This series of tales explores the cultural and ecological history of the Lower Mississippi River to answer the question: why don’t Americans love their river?
The River Gator crew celebrates the opening of the new Lower Mississippi River Water Trail in three parts, paddling the next section from Memphis, Tenn., to Helena, Ark., while exploring the river’s longtime lore and appeal in the minds of international travelers who visit its muddy waters.
The River Gator crew celebrates the openeing of the new Lower Mississippi River Water Trail in three parts, starting with the 81-mile upper section from Caruthersville, Mo., to Mud Island in Memphis, skirting the scenic Chickasaw Bluffs.
“We’re in a drought that is drying wells, fueling fires, and depleting reservoirs,” says Meredith Blount Miller, Senior Program Coordinator at the Meadows Center for Water and the Environment, a leading water conservation organization. “If trends continue, we could see conditions rivaling those of the 1950s ‘drought of record.’”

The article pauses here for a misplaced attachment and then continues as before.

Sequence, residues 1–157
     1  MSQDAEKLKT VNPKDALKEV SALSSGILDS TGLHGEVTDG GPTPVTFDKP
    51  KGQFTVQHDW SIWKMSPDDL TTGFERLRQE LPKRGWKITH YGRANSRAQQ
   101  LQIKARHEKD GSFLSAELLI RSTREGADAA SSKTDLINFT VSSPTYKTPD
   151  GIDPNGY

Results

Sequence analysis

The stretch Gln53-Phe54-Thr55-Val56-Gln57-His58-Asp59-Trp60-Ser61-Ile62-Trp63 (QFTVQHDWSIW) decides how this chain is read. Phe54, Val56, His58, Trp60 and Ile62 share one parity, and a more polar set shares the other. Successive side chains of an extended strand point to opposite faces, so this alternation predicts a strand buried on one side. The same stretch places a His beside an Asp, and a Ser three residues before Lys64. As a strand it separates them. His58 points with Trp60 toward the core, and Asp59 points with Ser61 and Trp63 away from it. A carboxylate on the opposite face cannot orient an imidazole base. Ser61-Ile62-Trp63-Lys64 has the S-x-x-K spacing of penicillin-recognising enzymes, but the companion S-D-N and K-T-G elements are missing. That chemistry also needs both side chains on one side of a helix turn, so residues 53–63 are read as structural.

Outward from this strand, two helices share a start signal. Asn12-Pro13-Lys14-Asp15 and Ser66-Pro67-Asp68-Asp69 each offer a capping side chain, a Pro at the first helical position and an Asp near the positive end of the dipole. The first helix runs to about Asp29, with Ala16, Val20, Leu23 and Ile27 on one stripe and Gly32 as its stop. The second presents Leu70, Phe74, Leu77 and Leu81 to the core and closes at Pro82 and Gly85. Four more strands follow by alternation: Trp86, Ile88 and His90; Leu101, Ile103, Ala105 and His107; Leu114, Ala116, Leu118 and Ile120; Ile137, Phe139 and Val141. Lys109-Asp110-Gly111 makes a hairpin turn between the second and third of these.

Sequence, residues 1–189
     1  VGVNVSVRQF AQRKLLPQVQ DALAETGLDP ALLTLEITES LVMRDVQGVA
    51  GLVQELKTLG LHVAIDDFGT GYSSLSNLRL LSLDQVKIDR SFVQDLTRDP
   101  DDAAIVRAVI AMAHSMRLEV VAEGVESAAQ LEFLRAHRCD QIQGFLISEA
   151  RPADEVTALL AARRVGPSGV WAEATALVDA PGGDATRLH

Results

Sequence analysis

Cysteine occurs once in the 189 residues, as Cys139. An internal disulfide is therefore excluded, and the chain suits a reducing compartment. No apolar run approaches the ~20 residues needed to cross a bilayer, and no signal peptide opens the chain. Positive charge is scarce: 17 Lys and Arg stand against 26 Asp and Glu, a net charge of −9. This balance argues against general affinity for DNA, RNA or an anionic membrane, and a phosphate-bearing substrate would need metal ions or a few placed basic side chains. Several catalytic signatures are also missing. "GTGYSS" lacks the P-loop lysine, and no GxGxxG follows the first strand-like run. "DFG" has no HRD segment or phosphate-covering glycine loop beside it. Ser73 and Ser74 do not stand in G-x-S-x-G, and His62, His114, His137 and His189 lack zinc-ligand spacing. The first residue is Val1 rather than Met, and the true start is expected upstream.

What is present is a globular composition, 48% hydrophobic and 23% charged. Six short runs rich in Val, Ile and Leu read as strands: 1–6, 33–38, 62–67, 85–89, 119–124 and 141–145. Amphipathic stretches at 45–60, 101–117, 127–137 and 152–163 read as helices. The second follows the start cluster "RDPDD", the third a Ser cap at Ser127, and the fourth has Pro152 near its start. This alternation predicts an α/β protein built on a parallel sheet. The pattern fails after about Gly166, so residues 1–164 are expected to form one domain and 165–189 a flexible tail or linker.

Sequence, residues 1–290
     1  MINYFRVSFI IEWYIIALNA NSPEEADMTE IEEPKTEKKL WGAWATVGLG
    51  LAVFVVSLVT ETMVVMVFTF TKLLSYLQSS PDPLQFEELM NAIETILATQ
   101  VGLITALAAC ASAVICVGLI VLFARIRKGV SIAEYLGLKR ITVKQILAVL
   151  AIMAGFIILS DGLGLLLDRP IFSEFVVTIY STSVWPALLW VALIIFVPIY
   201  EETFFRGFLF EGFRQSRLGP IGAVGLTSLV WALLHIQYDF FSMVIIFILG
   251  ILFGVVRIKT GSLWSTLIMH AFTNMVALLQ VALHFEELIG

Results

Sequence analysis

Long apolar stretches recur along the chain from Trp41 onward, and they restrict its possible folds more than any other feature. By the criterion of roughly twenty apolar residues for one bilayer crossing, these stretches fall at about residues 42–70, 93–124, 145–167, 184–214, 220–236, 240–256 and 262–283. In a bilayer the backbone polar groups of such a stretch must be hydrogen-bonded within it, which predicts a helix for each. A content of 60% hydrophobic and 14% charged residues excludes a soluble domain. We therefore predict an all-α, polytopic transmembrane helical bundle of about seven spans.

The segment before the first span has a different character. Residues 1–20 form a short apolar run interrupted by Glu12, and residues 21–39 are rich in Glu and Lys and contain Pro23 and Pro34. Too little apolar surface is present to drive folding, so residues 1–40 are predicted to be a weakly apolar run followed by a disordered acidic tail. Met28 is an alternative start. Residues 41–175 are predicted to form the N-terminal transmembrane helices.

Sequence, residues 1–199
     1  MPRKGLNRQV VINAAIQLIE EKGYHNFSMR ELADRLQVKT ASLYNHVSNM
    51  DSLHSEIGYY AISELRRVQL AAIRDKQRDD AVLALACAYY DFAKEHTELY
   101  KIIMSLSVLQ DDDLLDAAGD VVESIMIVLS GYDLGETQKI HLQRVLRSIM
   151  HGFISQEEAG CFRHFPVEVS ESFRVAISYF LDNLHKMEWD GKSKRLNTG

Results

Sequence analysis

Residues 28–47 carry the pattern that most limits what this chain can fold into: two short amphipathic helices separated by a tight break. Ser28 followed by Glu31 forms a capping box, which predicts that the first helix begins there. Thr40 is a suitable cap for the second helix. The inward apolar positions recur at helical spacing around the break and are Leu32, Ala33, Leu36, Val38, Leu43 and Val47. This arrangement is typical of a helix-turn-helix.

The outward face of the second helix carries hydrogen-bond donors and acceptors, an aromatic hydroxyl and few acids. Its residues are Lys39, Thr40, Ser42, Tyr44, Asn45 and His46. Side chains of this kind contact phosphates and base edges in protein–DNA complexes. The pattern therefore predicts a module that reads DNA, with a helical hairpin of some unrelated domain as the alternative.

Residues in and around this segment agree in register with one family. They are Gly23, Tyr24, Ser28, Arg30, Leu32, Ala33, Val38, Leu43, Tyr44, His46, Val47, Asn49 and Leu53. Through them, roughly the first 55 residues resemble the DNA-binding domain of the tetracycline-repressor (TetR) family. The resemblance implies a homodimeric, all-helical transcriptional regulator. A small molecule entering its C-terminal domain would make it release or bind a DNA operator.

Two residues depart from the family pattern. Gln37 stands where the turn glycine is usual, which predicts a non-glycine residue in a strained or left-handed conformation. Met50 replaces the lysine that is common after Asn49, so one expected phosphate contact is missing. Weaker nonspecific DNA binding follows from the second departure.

Last March, more than 300 canoeists from around the United States, Canada and Europe collected in a hole-in-the-wall Tennessee town to boat some of the Southeast’s finest rivers for the annual Ain’t Louie Fest. This year, ALF was dealt a blow few festivals have faced in the history of whitewater: a death on the river. […]
April 12-14, 2013—Paddlers from all along the east coast gathered in north Georgia to enjoy Tallulah Fest. Celebrating the release of the Tallulah Gorge, this young festival has grown from the hundred paddlers at its first event four years ago to several hundred boaters and enthusiasts, demonstrating the love of the river and celebration of its release during the spring.
Last Saturday, a dozen local Tennessee paddlers gathered under blue skies and warm weather to compete in one of the Cumberland Plateau’s jewel rivers, the Big South Fork. The race concluded the Plateau Creek Race Series, which was started to introduce new paddlers to the sport of creek racing in the Southeast.
The Flint and Chattahoochee Rivers have collided where Georgia, Florida, and Alabama meet. Michael and I have reunited, and a major legislative action was decided on in the state house.